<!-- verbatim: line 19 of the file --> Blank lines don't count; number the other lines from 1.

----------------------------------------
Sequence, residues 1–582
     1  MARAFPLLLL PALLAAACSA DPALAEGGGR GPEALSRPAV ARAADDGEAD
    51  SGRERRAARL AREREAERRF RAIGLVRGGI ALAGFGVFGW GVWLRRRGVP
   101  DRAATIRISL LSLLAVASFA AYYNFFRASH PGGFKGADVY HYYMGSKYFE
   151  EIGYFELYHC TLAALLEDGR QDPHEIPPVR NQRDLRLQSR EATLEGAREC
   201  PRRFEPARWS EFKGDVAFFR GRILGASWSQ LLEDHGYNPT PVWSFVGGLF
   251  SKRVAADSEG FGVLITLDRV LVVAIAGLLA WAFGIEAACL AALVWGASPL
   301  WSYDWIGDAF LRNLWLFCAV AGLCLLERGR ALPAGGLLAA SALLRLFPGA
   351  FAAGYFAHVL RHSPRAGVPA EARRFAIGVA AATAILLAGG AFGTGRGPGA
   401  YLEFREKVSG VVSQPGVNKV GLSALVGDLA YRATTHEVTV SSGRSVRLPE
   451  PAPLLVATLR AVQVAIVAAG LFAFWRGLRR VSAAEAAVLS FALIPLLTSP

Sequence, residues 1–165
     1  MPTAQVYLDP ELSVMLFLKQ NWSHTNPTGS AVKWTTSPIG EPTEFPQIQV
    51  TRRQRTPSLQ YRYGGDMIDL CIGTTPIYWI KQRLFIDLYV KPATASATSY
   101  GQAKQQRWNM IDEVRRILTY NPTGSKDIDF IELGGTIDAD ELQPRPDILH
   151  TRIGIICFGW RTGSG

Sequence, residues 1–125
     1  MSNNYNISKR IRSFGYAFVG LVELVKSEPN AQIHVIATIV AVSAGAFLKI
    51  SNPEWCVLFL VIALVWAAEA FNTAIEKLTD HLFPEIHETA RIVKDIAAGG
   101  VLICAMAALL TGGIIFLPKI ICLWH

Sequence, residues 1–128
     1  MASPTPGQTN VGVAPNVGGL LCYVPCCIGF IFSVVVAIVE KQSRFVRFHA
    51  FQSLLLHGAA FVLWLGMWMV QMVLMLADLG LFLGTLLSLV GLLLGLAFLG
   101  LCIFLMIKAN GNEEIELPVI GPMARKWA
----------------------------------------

    51  SNPEWCVLFL VIALVWAAEA FNTAIEKLTD HLFPEIHETA RIVKDIAAGG